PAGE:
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  • Yoanna Krasteva

Cost saving with AWS Fargate On-Demand

Customer Challenge

A service company that we consult faces the challenge of managing hundreds of container-based application environments. They have tens of different tenants, each with multiple Dev, Stage, and Production environments.

They are looking for a cost-optimized infrastructure solution based on containers to enable them to iterate fast and improve the testing and development experience. The client is looking for a solution with low maintenance costs.


Solution

Our initial recommendation is AWS App Runner - it is a fully managed container application service that lets one build, deploy, and run containerized web applications and API services without prior infrastructure or container experience. While our customer loved App Runner, they have a requirement for Web Sockets, which is still under development by AWS.

We achieved the desired solution, and we have built a custom solution that keeps the core benefits of App Runner - ease of use, automated deployment, low maintenance cost, and cost-optimized and supports web sockets. The solution utilizes AWS Lambda and Amazon CloudFront to implement an on-demand start and stop mechanism for container-based deployment based on AWS Fargate. The start and stop of the environment are fully automated and invisible to the client.


Services in use

  • AWS Fargate - a technology that one can use with Amazon ECS to run containers without having to manage servers or clusters of Amazon EC2 instances.

  • Amazon CloudFront is a high-performance, secure, developer-friendly content delivery network (CDN) service.

  • Lambda@Edge - a feature of Amazon CloudFront that lets one run code closer to users of the application, improving performance and reducing latency.

  • AWS Certificate Manager - used to issue and manage SSL certificates for free.


Start on demand

  1. The scale-up mechanism begins with a client request to the application.

  2. The request is handled by Amazon CloudFront with Lambda@Edge, where the Lambda function is executed at each request; The Lambda function uses the AWS API to initiate an AWS Fargate Service to scale to 1 container.

  3. When the container starts, an event is published to Amazon EventBridge and triggers a Lambda function. This Lambda function updates a low TTL DNS record used as an origin by Amazon CloudFront.

    1. While the container is starting, Amazon CloudFront has a native timeout (10 seconds by default) and retry mechanism (3 times by default) https://docs.aws.amazon.com/AmazonCloudFront/latest/DeveloperGuide/cloudfront-limits.html. If the container had not started in the defined time period, then Amazon CloudFront returns HTTP 504 status code (Gateway Timeout). As we want the container to start to be transparent to the client, we have implemented a Lambda@Edge, that modifies the response and sends HTTP 200 OK with a custom JavaScript for the browser to refresh the page.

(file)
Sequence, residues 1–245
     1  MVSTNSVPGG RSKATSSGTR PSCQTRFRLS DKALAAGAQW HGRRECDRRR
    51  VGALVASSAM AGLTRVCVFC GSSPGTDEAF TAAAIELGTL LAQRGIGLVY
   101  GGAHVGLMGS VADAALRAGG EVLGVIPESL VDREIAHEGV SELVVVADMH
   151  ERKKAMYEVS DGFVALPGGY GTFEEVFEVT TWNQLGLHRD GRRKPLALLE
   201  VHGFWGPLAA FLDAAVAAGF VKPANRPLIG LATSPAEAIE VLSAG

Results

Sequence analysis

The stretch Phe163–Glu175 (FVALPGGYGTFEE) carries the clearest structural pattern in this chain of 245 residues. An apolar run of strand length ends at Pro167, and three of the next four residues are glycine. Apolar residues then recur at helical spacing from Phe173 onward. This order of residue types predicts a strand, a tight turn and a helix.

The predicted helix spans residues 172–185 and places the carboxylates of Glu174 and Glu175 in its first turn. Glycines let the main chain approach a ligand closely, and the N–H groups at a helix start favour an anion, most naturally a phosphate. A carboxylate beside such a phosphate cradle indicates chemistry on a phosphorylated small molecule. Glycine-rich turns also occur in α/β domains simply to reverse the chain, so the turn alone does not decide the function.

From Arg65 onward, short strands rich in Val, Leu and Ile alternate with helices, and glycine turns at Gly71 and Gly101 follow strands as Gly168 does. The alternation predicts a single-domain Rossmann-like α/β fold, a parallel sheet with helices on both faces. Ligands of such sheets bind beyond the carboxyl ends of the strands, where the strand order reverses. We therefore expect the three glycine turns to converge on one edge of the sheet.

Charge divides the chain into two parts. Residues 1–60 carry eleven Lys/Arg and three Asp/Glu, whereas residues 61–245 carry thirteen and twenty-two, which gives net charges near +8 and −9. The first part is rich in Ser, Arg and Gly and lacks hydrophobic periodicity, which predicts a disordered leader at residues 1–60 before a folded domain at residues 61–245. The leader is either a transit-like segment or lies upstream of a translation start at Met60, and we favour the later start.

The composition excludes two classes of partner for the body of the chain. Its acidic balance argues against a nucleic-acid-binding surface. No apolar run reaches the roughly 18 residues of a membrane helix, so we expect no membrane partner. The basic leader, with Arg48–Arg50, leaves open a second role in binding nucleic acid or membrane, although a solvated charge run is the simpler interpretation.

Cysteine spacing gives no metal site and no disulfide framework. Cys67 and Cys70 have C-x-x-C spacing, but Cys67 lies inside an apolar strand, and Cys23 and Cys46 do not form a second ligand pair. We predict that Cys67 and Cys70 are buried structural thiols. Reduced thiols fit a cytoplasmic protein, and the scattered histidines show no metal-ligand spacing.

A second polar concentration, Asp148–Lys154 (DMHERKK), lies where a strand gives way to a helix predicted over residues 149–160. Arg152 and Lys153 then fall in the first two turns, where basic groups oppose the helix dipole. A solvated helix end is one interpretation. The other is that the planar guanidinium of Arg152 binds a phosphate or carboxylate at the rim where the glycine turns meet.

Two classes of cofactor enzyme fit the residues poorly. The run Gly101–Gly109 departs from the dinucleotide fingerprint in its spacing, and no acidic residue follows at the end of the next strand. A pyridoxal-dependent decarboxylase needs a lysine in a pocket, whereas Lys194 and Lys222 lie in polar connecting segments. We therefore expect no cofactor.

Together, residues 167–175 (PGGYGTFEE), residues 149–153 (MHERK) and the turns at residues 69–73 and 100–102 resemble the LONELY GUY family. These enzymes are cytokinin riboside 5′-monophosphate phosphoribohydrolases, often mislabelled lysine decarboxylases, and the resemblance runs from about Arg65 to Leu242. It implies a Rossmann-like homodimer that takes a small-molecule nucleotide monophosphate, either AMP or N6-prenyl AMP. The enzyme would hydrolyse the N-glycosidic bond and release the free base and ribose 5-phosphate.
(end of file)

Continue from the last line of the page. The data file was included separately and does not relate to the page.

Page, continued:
4. The container is started, CloudFront uses the updated DNS record, and the application is fully functional.


Stop on demand

To keep the cost as low as possible, we need a mechanism to scale down when the application is not in use.


Amazon CloudFront publishes metrics to Amazon CloudWatch. The metric for requests to the distribution can be used, and if there are no requests, the application can be scaled down to 0. Amazon CloudWatch Alarm is configured to trigger a Lambda function which uses the AWS API to stop the environment.


Source code

The solution is fully automated and uses the Infrastructure as Code approach with AWS CDK, ensuring consistent deployment across multiple environments.


The full source code can be found here - https://github.com/SeveralClouds/fargate-on-demand


Future improvements

Future enhancements and improvements


  • Considering the upcoming cost of public IPv4 addresses, IPv6 adoption could be explored as a forward-looking measure to optimize costs and further enhance the solution's effectiveness in AWS Fargate deployments. At this point, AWS Fargate only supports dual stack (IPv4 and IPv6).


Conclusion

The solution is fully event-driven and cost-effective. The on-demand strategy of using AWS Fargate containers provides the added benefits of cost optimization and efficient resource utilization, making it an ideal choice for testing and QA environments where temporary infrastructure is needed.


By utilizing AWS-managed services, the serverless approach requires minimal maintenance and support, reducing long-term operational overhead. This empowers our clients to adopt a secure, cost-effective, and effortlessly scalable architecture.


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